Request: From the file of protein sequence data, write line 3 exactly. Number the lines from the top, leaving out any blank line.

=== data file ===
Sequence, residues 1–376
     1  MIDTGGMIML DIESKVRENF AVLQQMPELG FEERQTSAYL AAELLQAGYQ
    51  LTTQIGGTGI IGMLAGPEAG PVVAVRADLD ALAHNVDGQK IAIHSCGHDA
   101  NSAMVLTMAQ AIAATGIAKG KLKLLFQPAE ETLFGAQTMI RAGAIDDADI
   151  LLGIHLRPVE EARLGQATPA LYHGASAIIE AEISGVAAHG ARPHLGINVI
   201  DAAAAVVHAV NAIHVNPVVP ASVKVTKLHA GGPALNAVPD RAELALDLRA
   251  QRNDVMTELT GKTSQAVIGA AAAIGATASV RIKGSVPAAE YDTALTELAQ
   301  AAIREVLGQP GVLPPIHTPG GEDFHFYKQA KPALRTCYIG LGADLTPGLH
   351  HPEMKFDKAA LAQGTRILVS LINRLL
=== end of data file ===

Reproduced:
    51  LTTQIGGTGI IGMLAGPEAG PVVAVRADLD ALAHNVDGQK IAIHSCGHDA